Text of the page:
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The People of the State of New York v. Jeff Roselien

New York Supreme and/or Appellate Courts SUPREME COURT, APPELLATE TERM, SECOND DEPARTMENT, 9th and 10th JUDICIAL DISTRICTS


June 13, 2012

THE PEOPLE OF THE STATE OF NEW YORK,
APPELLANT,
v.
JEFF ROSELIEN,
RESPONDENT.

Appeal from an order of the Justice Court of the Town of Woodbury, Orange County (David L. Levinson, J.), dated April 13, 2011.

People v Roselien (Jeff)

Appellate Term, Second Department

Published by New York State Law Reporting Bureau pursuant to Judiciary Law § 431.

This opinion is uncorrected and will not be published in the printed Official Reports.

Decided on June 13, 2012

PRESENT: NICOLAI, P.J., LaCAVA and IANNACCI, JJ

The order granted defendant's motion to vacate a judgment convicting him, upon his plea of guilty, of petit larceny.

ORDERED that the order is reversed, on the law, and the matter is remitted to the Justice Court for a determination de novo, following a hearing, of defendant's motion to vacate the judgment of conviction.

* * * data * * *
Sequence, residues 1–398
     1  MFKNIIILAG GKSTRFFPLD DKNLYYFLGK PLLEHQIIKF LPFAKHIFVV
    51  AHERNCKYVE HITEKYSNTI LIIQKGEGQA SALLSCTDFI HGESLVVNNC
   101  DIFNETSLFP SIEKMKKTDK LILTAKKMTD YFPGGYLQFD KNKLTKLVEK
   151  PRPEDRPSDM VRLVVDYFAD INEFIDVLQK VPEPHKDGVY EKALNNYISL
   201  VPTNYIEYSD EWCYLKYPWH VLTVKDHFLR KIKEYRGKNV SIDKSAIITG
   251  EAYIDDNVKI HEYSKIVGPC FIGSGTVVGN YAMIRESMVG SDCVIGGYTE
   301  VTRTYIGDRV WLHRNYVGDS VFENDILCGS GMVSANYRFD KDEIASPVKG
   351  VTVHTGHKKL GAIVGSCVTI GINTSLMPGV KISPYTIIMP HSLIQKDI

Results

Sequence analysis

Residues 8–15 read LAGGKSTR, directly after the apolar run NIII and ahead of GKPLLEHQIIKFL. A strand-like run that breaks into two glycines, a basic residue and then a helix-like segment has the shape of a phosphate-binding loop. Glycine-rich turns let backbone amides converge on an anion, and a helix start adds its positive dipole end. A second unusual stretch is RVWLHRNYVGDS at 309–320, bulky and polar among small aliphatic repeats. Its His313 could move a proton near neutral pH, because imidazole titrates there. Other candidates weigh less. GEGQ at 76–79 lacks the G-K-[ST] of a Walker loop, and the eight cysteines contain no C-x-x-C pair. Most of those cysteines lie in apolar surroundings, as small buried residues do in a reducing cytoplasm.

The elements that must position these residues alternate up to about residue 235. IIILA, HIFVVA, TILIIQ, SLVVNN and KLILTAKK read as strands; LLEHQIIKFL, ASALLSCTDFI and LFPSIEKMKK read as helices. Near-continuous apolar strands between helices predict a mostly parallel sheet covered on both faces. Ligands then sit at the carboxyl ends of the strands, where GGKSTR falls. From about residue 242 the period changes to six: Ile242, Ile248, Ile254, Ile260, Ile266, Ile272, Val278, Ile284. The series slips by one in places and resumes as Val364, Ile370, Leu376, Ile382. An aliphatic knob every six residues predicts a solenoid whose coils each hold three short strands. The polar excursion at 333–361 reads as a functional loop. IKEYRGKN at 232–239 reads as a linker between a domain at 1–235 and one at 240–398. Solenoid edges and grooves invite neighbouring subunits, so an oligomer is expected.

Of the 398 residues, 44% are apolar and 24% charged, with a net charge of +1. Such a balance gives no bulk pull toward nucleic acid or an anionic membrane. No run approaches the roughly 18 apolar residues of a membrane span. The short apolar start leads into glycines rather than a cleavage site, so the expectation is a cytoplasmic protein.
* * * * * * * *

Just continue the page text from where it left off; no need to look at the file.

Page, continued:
In 2009, a judgment was entered convicting defendant, upon his plea of guilty, of petit larceny (Penal Law § 155.25). In 2011, defendant moved, pursuant to CPL 440.10, to vacate the judgment of conviction on the ground that he had received the ineffective assistance of counsel because his attorney had failed to advise him regarding the immigration consequences of his guilty plea. By order dated April 13, 2011, the Justice Court, without holding a hearing, granted defendant's motion. This appeal by the People ensued.

In People v Nunez (30 Misc 3d 55 [App Term, 9th & 10th Jud Dists 2010]), this court ruled that the holding of Padilla v Kentucky (559 US , 130 S Ct 1473 [2010]) - - that a defense counsel must inform his client, at the very least, that immigration consequences may result from his guilty plea - - applies retroactively. A review of the record indicates that defendant's affidavits in support of his CPL 440.10 motion to vacate the judgment of conviction demonstrate the existence of an issue of fact as to whether his attorney failed to advise him regarding the immigration consequences of his pending guilty plea. Consequently, a proper determination of the motion called for the making of factual findings, which required a hearing (see CPL 440.30 [5]).

Accordingly, the order is reversed and the matter is remitted to the Justice Court for a determination de novo, following a hearing, of defendant's motion to vacate the judgment of conviction.

Nicolai, P.J., LaCava and Iannacci, JJ., concur.

Decision Date: June 13, 2012

20120613

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